I’ve lost the link behind that sorry, but with the proviso that what counts as “common sense” and “natural” in gender studies and behavioral science is very much dependent on its era (scroll down a little here for a classic demonstration of that), with so much else about women being the most attractive at the most fertile parts of their cycles then I don’t think that readers will be needing much convincing.

But there is much more than this behind the gender bias in the marketing of deodorant in Korea.

In their low deodorant uptake, Koreans are the exception rather than the rule. While it is true that the first aerosol deodorant was launched as recently as 1965, the first roll-on applicator tested in 1952, and Mum, the first ever commercial product for preventing body odor, only invented in 1888, every major civilization as far back as the ancient Egyptians has left a record of its efforts at disguising underarm body odor. So what makes Koreans so different?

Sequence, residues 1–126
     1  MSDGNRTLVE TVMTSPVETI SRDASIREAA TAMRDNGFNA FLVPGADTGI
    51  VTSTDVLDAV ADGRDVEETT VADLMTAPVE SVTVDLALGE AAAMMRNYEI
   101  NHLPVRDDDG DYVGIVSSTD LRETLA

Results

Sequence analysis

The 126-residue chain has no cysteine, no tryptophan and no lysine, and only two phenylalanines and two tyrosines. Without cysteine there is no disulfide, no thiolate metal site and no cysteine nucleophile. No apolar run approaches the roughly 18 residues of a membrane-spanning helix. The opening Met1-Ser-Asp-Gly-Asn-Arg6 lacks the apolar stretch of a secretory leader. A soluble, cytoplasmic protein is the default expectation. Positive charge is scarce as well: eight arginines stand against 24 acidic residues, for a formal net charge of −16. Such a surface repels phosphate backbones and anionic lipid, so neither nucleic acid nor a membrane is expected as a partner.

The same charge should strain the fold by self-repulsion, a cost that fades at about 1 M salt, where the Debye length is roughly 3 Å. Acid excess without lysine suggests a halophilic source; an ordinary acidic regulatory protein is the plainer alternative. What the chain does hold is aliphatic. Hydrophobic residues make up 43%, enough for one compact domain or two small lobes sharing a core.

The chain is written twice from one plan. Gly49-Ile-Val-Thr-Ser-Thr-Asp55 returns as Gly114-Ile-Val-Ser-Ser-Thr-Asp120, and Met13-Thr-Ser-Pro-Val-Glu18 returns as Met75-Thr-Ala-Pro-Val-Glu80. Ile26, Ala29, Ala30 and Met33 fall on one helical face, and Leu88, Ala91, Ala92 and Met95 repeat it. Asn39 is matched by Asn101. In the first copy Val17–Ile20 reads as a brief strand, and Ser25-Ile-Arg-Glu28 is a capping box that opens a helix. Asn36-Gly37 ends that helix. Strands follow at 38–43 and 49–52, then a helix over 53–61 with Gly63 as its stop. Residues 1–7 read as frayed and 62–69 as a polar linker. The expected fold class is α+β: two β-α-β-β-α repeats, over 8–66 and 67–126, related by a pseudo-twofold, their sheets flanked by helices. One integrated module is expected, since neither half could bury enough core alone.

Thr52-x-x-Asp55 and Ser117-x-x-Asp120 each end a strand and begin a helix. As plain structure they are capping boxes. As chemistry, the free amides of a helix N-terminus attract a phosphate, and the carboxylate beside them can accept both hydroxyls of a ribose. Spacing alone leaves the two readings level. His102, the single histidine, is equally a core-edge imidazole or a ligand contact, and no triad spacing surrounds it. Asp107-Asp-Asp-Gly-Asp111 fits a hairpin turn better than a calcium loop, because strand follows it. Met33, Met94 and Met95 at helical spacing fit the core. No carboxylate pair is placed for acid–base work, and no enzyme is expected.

Diet, weight, fitness and climate certainly all play a role in how much one sweats, how smelly it is, and one’s ability to smell others. While explanations involving ethnicity are fraught with danger, it is true that Northeast Asians have fewer of the apocrine sweat glands most associated with odor than average. Famous human behavioralist Desmond Morris (The Naked Woman, 2007) has argued that this makes them less susceptible to body odor. But while Northeast Asians on the whole may smell less than other groups, that does not mean that many individuals – particularly men – can relax about their personal hygiene.

That many do is probably at least partially due to a host of cultural and economic factors: for instance, during much of Korea’s recent history deodorant would have been considered a luxury that few needed and even fewer could afford; a notion that still lingers in the gifting of such basic items as spam and cooking oil for national holidays. Another is Korean men’s mandatory military service, a defining experience forcing youngsters to get used to going without many everyday basics.

nivea-deodorant-korea-데오드란트With a nod to all the commentators on my earlier big post on deodorant use and its marketing in Korea (source, right)…